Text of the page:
Savoury lamb pies and yoghurty flatbreads: Yotam Ottolenghi’s Lebanese-inspired recipes | Middle Eastern food and drink

When thinking about why I love Lebanese food so much, I’m tempted just to list some of that cuisine’s big hitters: the crunchy kibbeh and creamy hummus, the fresh fattoush and herb-crammed tabbouleh. Pilaf and pine nuts, fried falafel and sweet knafeh … This is food I can eat every single day and never be bored with. It’s food to scoop up, to share and often to tear, and always to keep coming back to time and again.

Shish barak with pine nut oil (pictured top)

My Lebanese colleague Pierre speaks so passionately about these little savoury pastries that I couldn’t not make them. Opinions are divided, Pierre tells me, as to whether the lamb should be cooked before it’s encased in dough, so we tried both in the test kitchen and came down unanimously on the not-cooked side, because the filling stays juicier. Once assembled, these pastries freeze well, too, so if you don’t bake and eat them all on the day, any extras will become a handy future meal or snack.

Prep 30 min
Cook 50 min
Serves 4-6

For the dough
180g plain flour
1½ tsp sugar
Fine sea salt
40ml olive oil
80ml milk

For the filling
1 tbsp olive oil
1 onion
, peeled and finely chopped (150g)
30g pine nuts
3 garlic cloves
, peeled and crushed
1 tbsp Lebanese seven-spice, or any other spice mix of your choice
250g lamb mince
10g parsley leaves and soft stalks
, finely chopped
10g mint leaves, finely chopped

For the yoghurt sauce
1 tsp cornflour
400g plain yoghurt

For the pine nut oil
60g pine nuts
120ml olive oil
1 tsp chilli flakes
½ tsp smoked paprika

First, make the dough. Put the flour, sugar and a half-teaspoon of salt in a bowl and stir to combine. Pour in the wet ingredients, mix well, then knead into a smooth dough. Cover with a cloth and set aside while you get on with the filling.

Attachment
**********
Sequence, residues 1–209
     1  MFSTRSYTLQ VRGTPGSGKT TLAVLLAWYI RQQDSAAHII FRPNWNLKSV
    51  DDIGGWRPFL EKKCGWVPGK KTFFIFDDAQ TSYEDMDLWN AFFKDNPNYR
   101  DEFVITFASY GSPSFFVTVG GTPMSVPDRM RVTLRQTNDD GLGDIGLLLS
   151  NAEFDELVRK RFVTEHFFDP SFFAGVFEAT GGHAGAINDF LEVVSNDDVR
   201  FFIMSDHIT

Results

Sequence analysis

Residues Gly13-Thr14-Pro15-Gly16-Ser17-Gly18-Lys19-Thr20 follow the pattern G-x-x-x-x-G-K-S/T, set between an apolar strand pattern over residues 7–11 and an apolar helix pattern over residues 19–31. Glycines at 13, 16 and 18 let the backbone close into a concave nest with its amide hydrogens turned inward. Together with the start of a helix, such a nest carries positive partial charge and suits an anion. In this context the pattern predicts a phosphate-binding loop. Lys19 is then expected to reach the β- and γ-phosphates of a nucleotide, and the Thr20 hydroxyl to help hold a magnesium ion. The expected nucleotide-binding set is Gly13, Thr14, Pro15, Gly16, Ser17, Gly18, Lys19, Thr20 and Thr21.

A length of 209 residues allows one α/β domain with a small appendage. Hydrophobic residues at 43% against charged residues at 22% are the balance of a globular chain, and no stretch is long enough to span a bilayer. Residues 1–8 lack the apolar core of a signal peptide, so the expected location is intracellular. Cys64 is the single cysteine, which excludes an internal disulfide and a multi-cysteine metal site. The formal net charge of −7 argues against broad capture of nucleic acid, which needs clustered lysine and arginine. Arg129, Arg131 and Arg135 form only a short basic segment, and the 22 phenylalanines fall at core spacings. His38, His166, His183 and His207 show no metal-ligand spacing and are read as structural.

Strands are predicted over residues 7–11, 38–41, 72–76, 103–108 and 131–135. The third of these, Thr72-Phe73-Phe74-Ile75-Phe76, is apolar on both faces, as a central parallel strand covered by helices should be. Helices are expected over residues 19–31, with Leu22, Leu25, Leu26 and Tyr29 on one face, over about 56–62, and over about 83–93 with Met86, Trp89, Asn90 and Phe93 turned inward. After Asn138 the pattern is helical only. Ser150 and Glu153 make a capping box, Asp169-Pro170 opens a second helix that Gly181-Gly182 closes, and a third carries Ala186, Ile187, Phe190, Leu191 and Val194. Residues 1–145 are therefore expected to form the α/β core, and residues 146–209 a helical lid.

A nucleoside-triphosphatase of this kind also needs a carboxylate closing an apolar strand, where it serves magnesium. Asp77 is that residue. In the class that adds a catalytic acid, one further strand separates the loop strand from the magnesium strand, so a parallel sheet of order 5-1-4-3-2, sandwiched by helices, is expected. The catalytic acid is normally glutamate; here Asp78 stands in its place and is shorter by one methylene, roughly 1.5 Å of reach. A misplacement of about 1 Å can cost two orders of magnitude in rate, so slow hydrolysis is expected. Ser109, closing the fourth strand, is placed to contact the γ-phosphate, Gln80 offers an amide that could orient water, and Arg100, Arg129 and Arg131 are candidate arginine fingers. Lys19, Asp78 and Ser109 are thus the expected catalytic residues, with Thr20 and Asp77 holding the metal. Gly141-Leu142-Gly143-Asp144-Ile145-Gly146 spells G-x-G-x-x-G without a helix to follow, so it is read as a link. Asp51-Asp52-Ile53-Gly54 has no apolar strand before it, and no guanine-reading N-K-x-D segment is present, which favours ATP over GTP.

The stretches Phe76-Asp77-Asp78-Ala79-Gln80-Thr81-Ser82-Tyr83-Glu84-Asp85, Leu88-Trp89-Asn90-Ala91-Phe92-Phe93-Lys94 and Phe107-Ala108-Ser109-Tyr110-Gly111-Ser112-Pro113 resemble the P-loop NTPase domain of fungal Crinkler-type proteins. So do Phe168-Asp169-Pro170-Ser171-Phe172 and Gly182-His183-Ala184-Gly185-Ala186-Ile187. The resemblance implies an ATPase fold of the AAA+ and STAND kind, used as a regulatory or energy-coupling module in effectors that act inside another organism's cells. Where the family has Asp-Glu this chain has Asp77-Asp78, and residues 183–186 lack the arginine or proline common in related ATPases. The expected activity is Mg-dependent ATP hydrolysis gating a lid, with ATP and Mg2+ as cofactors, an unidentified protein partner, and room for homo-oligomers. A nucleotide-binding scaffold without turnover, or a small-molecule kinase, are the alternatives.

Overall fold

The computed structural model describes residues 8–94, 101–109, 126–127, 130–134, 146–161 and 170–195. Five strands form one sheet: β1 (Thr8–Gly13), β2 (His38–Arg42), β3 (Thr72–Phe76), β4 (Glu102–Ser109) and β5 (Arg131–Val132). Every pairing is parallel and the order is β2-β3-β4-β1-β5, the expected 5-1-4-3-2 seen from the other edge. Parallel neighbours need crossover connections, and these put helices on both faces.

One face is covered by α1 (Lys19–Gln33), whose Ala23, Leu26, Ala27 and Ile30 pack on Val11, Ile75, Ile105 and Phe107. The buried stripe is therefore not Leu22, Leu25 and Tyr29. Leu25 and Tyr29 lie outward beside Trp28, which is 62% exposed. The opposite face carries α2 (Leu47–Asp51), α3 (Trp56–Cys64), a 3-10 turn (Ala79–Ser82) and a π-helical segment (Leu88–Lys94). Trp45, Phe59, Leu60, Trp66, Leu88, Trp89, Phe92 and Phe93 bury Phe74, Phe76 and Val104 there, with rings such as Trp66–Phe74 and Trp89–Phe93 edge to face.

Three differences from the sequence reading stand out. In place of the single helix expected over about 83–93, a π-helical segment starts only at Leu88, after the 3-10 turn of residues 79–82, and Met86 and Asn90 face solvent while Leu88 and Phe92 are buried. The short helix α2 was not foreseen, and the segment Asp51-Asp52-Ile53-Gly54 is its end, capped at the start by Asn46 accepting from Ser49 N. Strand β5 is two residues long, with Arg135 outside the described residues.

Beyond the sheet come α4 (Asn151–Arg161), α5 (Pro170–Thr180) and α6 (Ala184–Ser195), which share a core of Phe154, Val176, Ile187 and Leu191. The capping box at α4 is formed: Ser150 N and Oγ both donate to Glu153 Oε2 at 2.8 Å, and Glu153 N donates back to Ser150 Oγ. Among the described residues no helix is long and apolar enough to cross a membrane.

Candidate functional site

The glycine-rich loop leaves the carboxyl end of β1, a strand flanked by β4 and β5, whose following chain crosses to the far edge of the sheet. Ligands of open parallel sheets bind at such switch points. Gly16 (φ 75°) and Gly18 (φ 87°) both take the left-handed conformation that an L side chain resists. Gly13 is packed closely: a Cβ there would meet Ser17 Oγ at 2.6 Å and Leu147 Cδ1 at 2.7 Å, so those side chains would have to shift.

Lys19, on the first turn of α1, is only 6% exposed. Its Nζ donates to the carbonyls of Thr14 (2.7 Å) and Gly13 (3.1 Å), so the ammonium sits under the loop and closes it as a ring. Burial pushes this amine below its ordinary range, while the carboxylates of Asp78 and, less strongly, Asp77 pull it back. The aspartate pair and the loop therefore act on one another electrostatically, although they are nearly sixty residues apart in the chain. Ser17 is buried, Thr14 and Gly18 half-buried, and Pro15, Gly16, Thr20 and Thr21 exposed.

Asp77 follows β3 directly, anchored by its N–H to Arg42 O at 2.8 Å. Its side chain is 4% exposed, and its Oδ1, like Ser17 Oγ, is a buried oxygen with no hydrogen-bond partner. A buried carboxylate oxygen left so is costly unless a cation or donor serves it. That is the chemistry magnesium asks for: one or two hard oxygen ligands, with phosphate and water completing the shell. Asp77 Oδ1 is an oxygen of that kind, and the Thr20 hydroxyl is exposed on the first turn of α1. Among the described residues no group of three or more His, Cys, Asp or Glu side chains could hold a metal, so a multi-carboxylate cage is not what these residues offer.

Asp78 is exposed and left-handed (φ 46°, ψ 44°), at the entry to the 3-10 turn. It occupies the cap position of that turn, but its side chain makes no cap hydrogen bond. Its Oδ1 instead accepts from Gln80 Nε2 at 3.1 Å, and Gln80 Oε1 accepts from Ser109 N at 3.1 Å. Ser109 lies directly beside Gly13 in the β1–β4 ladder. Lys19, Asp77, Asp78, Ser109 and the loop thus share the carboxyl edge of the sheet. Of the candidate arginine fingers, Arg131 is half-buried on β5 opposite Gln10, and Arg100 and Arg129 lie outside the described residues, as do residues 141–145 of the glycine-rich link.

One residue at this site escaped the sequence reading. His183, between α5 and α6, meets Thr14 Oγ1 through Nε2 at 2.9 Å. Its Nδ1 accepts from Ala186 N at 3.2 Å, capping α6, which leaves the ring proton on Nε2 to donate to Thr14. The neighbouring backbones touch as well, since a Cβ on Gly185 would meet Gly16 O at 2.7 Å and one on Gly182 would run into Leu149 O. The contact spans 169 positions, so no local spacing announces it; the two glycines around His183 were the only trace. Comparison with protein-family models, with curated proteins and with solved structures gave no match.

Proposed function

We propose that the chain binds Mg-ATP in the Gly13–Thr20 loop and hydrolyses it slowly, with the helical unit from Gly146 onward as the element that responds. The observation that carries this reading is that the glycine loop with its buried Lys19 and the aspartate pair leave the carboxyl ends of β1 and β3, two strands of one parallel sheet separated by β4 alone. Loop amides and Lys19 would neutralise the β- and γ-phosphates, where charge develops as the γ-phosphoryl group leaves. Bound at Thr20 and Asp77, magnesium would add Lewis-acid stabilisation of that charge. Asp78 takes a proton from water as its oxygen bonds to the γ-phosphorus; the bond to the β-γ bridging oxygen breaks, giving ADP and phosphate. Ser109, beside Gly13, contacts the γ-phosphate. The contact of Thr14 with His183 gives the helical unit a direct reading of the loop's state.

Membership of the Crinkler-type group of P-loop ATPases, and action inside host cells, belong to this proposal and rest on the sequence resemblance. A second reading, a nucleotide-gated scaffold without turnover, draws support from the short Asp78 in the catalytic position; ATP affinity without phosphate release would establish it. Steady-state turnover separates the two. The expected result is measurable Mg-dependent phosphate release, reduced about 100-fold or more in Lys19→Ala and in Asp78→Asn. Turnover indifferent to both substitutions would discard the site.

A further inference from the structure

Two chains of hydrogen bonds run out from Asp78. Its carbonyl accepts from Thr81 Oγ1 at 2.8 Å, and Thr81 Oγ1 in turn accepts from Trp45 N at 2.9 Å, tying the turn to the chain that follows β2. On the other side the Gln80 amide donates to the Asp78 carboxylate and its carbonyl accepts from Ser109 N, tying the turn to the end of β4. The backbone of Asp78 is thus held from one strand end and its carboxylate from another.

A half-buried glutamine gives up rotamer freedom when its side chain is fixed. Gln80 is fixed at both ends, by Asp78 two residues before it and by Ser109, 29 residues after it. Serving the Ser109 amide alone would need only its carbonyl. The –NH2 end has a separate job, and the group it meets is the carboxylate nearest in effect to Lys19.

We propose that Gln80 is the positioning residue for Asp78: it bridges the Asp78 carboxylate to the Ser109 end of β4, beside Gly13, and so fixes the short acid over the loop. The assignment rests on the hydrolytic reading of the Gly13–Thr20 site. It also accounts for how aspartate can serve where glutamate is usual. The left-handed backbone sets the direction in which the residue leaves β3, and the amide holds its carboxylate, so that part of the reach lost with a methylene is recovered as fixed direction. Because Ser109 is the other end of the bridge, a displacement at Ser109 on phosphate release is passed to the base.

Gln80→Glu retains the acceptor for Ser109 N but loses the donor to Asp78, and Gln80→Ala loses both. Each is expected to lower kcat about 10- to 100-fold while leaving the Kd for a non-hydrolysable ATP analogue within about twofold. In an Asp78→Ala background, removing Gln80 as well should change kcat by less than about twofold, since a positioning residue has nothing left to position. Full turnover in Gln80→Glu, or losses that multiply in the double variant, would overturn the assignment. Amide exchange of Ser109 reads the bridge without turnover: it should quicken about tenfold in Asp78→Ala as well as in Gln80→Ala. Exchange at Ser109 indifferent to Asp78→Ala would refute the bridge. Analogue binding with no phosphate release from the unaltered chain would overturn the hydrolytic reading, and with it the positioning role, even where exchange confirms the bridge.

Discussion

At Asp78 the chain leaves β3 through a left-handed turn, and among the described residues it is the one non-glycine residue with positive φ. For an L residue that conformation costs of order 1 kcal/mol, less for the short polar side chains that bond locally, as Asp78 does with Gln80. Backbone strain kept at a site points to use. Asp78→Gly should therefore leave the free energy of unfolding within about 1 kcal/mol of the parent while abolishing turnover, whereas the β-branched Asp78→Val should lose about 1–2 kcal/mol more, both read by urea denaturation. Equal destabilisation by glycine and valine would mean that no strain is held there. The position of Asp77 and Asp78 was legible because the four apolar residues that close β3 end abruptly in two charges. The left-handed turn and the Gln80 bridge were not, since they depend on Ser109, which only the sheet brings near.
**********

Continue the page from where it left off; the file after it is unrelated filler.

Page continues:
Put a saute pan on a medium heat. Once it’s hot, add the oil, onion, pine nuts, garlic and spice mix, and cook, stirring often, for 20 minutes, until the onions are soft and translucent. Take the pan off the heat and leave to cool.

Once the onion mix is cool, stir in the lamb, parsley, mint and half a teaspoon of salt. Divide the mix into 40 roughly 10g pieces, roll these into little balls and put on a tray.

Roll out the dough on a clean work surface to 3mm thick, then cut out as many 7cm-wide circles as you can. Cover these with a clean tea towel, so they don’t dry out, then re-roll any scraps and cut into more 7cm circles (if need be, add a splash of water to soften the dough). Repeat until you have 40 circles.

Put a meatball in the centre of a pastry circle, stretch the dough and fold it over the meatball, to make a crescent shape, then pinch well around the edges to seal. Carefully gather each pointy end of the pastry, fold them over so they overlap and meet, then pinch to seal into a tortellini shape. Put the pastry rounded side up on a large oven tray lined with greaseproof paper, then repeat with the remaining meatballs and pastry until they’re all used up.

Heat the oven to 200C (180C fan)/390F/gas 6, then bake the tray of pastries for 20-25 minutes, until golden all over.

Meanwhile, make the yoghurt sauce. Put the cornflour in a saucepan, whisk in 200ml cold water and a half-teaspoon of salt, then stir in the yoghurt. Put the pan on a medium heat and cook for four to five minutes, just to warm it through – take care the mix doesn’t get too hot, or the sauce will split. Set aside and keep warm, or reheat later, as necessary.